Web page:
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Curr Treat Options Neurol. 2004 Mar;6(2):125-137.

Cerebral Malaria.

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Departments of Neurology and Epidemiology, Michigan State University, #138 Service Road, A217, East Lansing, MI 48824, USA.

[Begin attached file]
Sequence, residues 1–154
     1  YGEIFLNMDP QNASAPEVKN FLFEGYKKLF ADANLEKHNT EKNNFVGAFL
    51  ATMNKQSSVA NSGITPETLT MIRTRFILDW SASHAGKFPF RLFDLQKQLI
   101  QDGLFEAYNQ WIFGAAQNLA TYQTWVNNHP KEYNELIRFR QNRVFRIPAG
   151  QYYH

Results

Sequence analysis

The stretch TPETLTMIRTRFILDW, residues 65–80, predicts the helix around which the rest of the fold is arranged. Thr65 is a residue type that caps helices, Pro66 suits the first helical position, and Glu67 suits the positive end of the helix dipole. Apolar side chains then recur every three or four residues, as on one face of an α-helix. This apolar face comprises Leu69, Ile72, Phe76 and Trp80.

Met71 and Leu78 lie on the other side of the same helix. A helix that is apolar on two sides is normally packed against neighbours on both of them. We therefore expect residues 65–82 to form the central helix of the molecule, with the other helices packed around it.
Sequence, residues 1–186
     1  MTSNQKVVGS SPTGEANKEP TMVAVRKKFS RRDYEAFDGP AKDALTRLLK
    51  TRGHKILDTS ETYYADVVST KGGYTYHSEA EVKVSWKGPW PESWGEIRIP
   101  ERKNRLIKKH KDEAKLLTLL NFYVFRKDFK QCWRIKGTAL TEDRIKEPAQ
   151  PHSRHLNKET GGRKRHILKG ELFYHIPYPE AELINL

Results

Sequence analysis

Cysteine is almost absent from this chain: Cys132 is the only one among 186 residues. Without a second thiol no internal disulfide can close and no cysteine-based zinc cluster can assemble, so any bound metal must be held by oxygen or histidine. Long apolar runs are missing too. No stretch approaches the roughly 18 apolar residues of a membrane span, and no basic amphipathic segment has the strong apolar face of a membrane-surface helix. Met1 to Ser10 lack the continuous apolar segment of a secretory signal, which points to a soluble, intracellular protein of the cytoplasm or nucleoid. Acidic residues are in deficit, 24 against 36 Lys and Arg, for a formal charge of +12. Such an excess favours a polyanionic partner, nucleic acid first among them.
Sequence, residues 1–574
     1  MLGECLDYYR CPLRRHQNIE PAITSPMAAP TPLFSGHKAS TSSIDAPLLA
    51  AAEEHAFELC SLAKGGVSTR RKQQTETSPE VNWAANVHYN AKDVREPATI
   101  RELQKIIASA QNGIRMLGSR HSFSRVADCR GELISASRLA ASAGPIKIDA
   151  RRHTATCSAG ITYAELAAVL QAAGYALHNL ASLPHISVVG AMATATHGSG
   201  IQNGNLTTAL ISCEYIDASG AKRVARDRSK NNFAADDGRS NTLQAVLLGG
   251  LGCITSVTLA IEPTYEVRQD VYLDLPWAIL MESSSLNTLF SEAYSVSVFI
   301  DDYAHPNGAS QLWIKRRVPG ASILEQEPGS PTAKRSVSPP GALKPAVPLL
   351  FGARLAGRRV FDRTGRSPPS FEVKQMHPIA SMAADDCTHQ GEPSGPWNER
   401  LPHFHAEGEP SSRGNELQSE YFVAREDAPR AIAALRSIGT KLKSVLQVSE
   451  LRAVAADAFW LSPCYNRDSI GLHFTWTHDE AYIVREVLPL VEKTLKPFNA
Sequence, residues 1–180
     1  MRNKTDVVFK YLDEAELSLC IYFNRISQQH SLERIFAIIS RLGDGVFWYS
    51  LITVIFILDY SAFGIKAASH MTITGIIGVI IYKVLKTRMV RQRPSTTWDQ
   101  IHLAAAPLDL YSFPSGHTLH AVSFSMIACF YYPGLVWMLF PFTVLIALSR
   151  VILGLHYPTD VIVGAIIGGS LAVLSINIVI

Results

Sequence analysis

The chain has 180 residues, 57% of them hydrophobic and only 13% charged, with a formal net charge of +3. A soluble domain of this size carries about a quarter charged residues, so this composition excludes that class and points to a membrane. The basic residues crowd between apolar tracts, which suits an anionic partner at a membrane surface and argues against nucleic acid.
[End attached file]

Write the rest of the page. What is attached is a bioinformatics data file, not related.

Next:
Successful management of cerebral malaria requires rapid diagnosis, initiation of appropriate antimalarial agents, and aggressive supportive care. The antimalarial used will depend on drug availability, with many of the most effective agents not routinely available in the US. The use of technologically advanced diagnostic studies, such as electroencephalogram, that are generally not available in malaria-endemic regions may aid in management. But other tests, such as advanced neuroimaging, may offer limited guidance because there are little data indicating the best management of conditions, such as increased intracranial pressure, focal edema, and microhemorrhages. Close clinical assessments and rapid initiation of proven therapies should be the focus of care, even when advanced resources are available. Given the mortality of this condition and the long-term neurologic morbidity seen in survivors, adjunctive therapies are clearly needed to improve patient outcomes. Until more data are available, much of the management of cerebral malaria will continue to be based on anecdote rather than evidence.


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